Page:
Dear Mrs. Millender--
This is Ben Schaefer's mom. I fully realize that Science Fair projects are due this week. And I understand that Ben has submitted--and been approved for--his project involving the eating habits of Venus Fly Traps. I would like to apologize in advance for the inadequacy of Ben's Science Fair project.
Mrs. Millender, you need to understand that our household has a definite Language Arts bent to it. We're writers and poets, painters, and photographers. We'd gladly take on a Language Arts project, say, Young Authors, and, as we love traveling, we wouldn't bat an eye at a Social Studies project. But clearly, Science is 'not our thing'.
Our initial plan was to observe two Venus Fly Traps (hereafter referred to as VFTs) and study the impact of dietary variations. We purchased two plants at Lowe's Home Improvement Store and then 'boogied' over to Uncle Bill's Pet Center to purchase food for them. Unfortunately, Uncle Bill's only had one type of insect, pin crickets, available for Fly Traps. I suggested to Ben that in the absence of another type of insect, that perhaps we could feed this carnivorous plant hamburger. This was perceived as a good idea--at the time.
We got home and Ben, in the spirit of science, labeled the two plants "A" and "B". He very cleverly named them Audrey (after the plant in "Little Shop of Horrors" and Biolante (after a 50s TV monster). We discussed what variable meant and he was able to identify the 'constants' and 'variables' of this project. And that was basically the last positive occurrence.
Things started out roughly right away. Ben opened the plastic canister of pin crickets and, for all practical purposes, all the ones that were still living hopped out of the carton during the process of trying to retrieve only one to feed to Audrey (the VFT designated to eat pin crickets). When it came to feeding hamburger to Biolante (the VFT designatd to eat meat), I realized that all we had was frozen patties. Hmm. I shrugged my shoulders and fried Biolante a hamburger, all the while thinking it sort of surreal that I'm cooking for a Venus Fly Trap when I barely cook for my family...
Once food had been secured and/or prepared for both VFTs, then came the feeding. Ben ran and got some tweezers (I learned later that they came from MY bathroom drawer), and fed a dead pin cricket to Audrey. The cute little plant closed is spindly 'mouth" over the cricket, and presumably, digestion began. He then picked off a VERY small piece of the hamburger and placed it in Biolante's "mouth". Same response. All is well; record the data and observations--check back tomorrow.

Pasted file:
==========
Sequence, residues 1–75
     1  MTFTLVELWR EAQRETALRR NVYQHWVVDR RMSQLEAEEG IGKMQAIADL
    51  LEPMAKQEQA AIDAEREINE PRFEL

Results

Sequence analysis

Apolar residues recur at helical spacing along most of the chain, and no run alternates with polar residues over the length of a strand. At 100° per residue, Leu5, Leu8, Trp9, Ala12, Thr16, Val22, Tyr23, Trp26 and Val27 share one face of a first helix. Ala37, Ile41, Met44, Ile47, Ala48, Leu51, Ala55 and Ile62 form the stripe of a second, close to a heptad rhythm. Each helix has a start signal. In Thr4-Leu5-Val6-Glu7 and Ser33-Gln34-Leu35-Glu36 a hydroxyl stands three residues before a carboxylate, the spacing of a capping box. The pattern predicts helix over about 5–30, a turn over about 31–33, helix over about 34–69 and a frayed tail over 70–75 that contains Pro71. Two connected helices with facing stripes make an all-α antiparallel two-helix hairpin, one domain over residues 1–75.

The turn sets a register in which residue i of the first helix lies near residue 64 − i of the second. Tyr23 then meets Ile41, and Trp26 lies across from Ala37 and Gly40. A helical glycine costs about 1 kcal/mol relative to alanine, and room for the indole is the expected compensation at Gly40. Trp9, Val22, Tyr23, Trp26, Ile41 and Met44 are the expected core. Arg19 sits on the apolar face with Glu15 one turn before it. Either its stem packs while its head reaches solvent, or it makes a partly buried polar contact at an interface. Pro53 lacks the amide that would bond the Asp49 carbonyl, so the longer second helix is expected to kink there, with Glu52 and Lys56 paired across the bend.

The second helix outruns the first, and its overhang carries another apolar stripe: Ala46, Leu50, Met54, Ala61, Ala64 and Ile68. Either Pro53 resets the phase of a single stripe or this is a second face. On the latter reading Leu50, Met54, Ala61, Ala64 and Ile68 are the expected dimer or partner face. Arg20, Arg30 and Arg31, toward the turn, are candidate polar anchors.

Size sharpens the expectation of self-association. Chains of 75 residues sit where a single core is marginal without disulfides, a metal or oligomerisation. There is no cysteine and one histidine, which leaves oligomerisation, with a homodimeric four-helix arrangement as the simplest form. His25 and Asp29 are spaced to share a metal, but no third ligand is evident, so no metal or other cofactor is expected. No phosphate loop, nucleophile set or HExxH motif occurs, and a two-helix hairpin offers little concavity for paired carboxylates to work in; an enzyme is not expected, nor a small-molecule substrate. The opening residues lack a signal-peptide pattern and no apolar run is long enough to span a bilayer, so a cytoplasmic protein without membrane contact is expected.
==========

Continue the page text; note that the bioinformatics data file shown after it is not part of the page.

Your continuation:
The next day, Audrey had finished her cricket and, like a baby bird, her mouth was open and she was ready for more. Biolante, however, seemed to be having some trouble with the hamburger. Nonetheless, feed Audrey, measure the plants, record observations.
This went on for several days where Audrey was a ready and willing participant, but Biolante, little green plant jaws clenched, simply refused to 'play ball' so to speak. He also seemed to be having trouble with the hamburger. By Day Six, it was obvious that he was clearly 'failing to thrive' as they say. In fact, he turned black, and was drooping alarmingly. What was the problem? He didn't like his burger medium well? His cholesterol level shot through the roof? Was he choking on his own plant vomit? In any case, by Day Nine he was clearly dead, and the experiment was, for the most part, over.
And by now, even Audrey is starting to look peaked. Too much water? Too little? Overfeeding? Underfeeding? Keep them in the terrarium environment? Take them out? Where did we go wrong? Much gnashing of teeth and rending of clothes...! Perhaps it was cooking the hamburger. Perhaps it was selecting hamburger itself. Perhaps it was opting to accept into this decidedly hostile environment for plants two of the most delicate members of the plant species on earth. Our total abject failure to even keep these creatures alive has been a huge and discouraging disappointment to us, and unfortunately, at first glance, his science fair board reflects this.
So, when you gaze upon Ben's science fair board tomorrow, I want you to know that there is so much more there than meets the unknowing and untrained eye. And it wasn't for lack of interest or effort that it came out the way it did. I hope you will take this into consideration when you assign his grade.
Sincerely, and with humor,